John Gasaway has his Tuesday Truths, breakdowns of the conference-play efficiency margins for all the major conferences. I have my Friday Facts, breakdowns of the adjusted efficiency margins in conference play for the only conference that really matters, the Big Ten.
In essence, I produce an efficiency margin that takes account of opponent and venue, which Gasaway's raw efficiency margins ignore. More explanation here.
Some have declared that the Friday Facts are "better than" the Tuesday Truths. Others prefer to call the Friday Facts "a valuable complement to" the Tuesday Truths. Either way, here they are:
|TEAM||CONF OE||CONF DE||RAW EM||ADJUSTED EM|
Unsurprisingly, the raw and adjusted efficiency margins are converging as the vagaries of scheduling even out. Still, some things jump out:
--The top three (Michigan State, Iowa and Michigan) remain a clear-cut above Wisconsin and Ohio state, and they are in a dead heat for the coveted Friday Facts Award, given annually since 2014 to the Big Ten team with the highest adjusted efficiency margin in conference play.
--Although Minnesota and Indiana are tied in raw efficiency margins, Minnesota is clearly better and the adjusted EMs show that.
--Nebraska, Purdue and Penn State are essentially tied in raw EM, but the adjusted margins give Nebraska credit for its tougher schedule (for example, its one-point loss to Michigan is a positive in the adjusted EM, but negative in raw EM) and reflects the reality that the Huskers are clearly the best team of the bunch so far. It will be interesting to see what Nebraska does the rest of the season, as it has the easiest venue-adjusted strength of schedule remaining. In fact, going into last week, Nebraska had played the toughest schedule in Big Ten play, but by the end of the year it will probably end up with the weakest strength of schedule. That's how weak the Huskers' remaining schedule is.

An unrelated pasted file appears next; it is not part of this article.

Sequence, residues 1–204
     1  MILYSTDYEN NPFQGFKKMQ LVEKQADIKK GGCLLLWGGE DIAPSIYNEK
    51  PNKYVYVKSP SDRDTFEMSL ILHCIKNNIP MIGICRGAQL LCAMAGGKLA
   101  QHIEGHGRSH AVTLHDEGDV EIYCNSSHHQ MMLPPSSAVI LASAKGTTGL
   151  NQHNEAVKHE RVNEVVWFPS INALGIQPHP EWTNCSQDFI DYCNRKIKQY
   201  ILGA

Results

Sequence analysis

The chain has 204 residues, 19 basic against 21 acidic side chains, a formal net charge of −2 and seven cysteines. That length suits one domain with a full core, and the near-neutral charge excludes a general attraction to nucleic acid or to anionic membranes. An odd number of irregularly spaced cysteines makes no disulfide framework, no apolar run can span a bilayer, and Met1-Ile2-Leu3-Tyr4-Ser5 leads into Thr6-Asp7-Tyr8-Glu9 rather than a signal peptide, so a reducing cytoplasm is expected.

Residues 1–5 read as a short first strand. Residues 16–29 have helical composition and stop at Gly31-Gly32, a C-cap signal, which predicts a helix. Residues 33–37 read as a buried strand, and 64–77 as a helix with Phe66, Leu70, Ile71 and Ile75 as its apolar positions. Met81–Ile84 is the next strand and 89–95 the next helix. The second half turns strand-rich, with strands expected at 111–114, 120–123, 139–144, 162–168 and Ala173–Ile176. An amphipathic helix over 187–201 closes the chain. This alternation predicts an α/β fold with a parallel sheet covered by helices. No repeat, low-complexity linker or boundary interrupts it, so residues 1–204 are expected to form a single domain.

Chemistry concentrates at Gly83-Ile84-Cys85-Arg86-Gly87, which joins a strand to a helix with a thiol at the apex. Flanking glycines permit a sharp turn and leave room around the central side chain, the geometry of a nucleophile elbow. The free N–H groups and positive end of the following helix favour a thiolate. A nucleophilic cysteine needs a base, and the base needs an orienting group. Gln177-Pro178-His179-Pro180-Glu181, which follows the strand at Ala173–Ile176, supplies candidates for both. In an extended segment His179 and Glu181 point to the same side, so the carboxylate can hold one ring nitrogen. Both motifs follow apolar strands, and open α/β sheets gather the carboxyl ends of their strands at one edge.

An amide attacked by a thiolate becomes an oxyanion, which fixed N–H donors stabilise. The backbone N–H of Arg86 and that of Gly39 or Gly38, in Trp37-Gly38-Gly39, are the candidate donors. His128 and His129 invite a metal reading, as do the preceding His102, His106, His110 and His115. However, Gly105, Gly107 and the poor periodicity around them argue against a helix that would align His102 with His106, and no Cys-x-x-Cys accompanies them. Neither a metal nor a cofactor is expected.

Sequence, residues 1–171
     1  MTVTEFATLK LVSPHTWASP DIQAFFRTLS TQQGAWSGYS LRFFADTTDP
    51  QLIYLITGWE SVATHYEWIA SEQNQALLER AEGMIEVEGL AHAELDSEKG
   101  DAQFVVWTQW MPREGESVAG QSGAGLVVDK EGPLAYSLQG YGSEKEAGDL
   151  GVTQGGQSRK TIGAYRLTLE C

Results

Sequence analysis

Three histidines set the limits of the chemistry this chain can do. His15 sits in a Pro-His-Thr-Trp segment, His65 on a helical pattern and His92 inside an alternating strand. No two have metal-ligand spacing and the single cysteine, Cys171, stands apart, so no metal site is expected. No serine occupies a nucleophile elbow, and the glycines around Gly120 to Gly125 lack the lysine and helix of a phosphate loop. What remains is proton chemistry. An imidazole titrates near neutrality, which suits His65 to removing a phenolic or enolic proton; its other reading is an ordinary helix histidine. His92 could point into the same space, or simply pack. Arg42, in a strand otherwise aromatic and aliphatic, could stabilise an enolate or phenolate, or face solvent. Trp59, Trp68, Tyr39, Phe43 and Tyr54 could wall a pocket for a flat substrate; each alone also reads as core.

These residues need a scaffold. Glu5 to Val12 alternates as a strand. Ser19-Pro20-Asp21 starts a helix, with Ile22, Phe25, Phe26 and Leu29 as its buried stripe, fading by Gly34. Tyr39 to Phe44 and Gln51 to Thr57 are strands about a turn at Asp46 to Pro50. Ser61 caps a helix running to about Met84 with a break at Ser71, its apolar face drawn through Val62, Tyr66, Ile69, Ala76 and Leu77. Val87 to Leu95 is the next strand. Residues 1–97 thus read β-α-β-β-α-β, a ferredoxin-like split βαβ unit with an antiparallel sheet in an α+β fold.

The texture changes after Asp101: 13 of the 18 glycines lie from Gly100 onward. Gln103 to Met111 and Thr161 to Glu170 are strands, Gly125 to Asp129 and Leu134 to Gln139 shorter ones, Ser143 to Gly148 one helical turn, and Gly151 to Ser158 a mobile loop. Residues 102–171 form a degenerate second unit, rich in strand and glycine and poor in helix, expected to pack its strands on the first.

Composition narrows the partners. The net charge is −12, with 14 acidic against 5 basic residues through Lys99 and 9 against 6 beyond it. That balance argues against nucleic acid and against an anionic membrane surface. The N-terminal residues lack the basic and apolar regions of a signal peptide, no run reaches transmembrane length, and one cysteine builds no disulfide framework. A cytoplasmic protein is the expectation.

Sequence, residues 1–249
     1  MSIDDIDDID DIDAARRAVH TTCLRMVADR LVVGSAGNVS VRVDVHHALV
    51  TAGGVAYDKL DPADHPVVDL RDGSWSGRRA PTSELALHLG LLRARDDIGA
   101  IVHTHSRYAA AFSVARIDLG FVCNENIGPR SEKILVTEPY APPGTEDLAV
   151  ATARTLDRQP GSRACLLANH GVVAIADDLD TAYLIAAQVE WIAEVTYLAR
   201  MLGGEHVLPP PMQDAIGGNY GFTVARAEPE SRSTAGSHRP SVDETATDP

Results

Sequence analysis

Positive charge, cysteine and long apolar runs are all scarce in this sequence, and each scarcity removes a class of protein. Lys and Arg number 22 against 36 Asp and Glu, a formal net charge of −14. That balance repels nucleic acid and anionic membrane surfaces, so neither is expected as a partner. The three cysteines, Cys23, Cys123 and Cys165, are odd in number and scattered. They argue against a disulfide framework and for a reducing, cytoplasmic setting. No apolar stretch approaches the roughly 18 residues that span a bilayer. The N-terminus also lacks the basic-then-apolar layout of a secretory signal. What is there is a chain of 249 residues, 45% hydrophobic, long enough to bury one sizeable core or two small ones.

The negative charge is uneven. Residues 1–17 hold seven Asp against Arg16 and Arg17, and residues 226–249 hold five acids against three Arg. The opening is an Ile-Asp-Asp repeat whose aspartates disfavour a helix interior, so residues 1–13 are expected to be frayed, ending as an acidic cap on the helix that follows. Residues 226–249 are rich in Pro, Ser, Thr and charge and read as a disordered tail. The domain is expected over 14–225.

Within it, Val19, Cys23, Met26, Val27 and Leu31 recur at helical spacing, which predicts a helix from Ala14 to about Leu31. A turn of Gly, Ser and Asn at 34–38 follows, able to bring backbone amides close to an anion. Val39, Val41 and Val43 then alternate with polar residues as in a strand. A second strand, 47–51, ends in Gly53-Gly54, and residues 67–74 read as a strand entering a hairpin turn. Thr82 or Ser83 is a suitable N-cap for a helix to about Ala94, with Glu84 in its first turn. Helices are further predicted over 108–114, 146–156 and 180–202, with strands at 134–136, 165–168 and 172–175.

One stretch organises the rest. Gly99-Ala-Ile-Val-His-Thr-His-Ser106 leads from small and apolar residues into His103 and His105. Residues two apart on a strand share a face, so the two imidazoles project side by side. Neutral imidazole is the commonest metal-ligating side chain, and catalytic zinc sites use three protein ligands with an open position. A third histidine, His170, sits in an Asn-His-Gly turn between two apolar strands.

--Finally, the Friday Facts reveal that the Fight for Fourth (between Wisconsin and Ohio State) is shaping up to be a doozy. OSU has the schedule advantage, but if Wisconsin can manage to steal a win at Iowa or Michigan, the Badgers will gain a clear advantage as their last four games are all very winnable.
Scoring in the Big Ten
Something else I've been following is scoring efficiency in the Big Ten. I pointed out last week that, despite the much-vaunted "new rules," scoring per 100 possessions in Big Ten play was at 102.8, just below the average from the previous 11 seasons (102.9). I hypothesized that the new rules had gone into hibernation for conference play.
I wanted to see if a downward pattern could be detected, which would buttress the notion that any effect of the new rules was declining. And, sure enough, I found that through Jan. 11 (the first 19 games of Big Ten play) scoring had peaked at 1.05 PPP, and had steadily declined until reaching a fairly stable equilibrium at around 102.6 per 100:
You'll probably notice that little jump at the end. That's the effect of last night's games (Wisconsin vs. Minnesota and Michigan State vs. Northwestern), both of which were high-scoring affairs (from an efficiency perspective), with all four teams coming in over one point-per-possession. Have we reached a turning point? Or was this a blip? I'm guessing the latter, but we shall see.